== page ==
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SO SOCAL: The Best...The Beautiful...and the Bizarre

Made-to-Order Mezua

May 09, 1999|Judy Raphael

Mordechai Hazan is a rather unorthodox Orthodox Jew. At his North Hollywood studio, Jewish Art, the spirited Israeli native dances visitors around a porcelain palace of "Santa Fe"-themed Sabbath cups, Noah's Ark holiday dreidels replete with 3-D giraffes and tigers, kaleidoscope-colored Seder plates with hand-sculpted roses and butterflies, and whimsical, handmade $100 mezuzas. These are not your bubbie's blue-and-white tchotchkes.

"There's religious links to my art. But when I create, it's with a lot of freedom," admits Hazan, 38, a onetime painter who, since 1988, has earned a reputation selling his "usable Jewish collectibles" at his store and locally to the Museum of Tolerance and Skirball Cultural Center. Hazan is part of a renaissance in Jewish ceremonial art that has its roots in the '70s. "It's a fabulous phenomenon which is still thriving," says Skirball curator Grace Cohen Grossman. Indeed. But sacred mezuza cases adorned with brass instruments (special order for Herb Alpert) or an electric guitar (Neil Diamond)?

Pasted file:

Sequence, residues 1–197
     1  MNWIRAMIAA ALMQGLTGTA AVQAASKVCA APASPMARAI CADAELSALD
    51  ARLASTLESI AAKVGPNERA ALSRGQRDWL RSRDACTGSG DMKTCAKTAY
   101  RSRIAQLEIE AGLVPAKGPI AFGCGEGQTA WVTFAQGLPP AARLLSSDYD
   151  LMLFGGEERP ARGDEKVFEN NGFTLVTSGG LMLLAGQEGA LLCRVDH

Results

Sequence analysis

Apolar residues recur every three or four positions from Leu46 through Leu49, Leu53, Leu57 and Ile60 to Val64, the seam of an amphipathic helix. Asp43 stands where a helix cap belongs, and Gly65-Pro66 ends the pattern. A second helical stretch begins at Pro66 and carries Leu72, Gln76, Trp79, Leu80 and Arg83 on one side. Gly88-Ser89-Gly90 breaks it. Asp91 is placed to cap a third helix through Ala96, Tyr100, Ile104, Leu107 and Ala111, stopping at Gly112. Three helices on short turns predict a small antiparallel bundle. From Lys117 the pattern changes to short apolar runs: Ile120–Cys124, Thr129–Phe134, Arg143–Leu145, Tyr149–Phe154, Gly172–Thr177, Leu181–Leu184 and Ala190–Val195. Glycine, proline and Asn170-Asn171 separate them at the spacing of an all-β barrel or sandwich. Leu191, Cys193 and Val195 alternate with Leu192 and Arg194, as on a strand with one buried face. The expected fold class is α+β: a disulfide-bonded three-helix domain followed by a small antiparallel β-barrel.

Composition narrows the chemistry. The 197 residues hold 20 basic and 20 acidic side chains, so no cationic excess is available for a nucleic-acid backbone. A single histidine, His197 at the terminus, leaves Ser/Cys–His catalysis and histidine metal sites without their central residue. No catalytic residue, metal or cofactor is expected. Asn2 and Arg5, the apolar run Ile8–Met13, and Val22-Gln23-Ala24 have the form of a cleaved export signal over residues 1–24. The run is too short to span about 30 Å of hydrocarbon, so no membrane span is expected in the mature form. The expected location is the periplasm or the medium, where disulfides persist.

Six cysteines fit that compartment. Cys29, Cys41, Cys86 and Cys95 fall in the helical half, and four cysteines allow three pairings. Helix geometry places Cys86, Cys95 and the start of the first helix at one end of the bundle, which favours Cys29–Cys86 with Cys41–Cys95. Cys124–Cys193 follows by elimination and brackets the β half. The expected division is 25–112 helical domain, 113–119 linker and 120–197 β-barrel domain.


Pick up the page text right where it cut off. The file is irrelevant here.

"Some people think it's not Jewish enough to put a baseball or a golf bag on a mezuza," says Hazan. "But this is not forbidden under Jewish law or I wouldn't do it. You just need courage and an open mind."

Which he's hoping President Bill Clinton has when he sends the White House his newest creation--a mezuza with a tiny sculpted saxophone.

A First Fan? "So why not?" says Hazan with a smile.


Jewish Art by Mordechai Hazan, (818) 980-9026.

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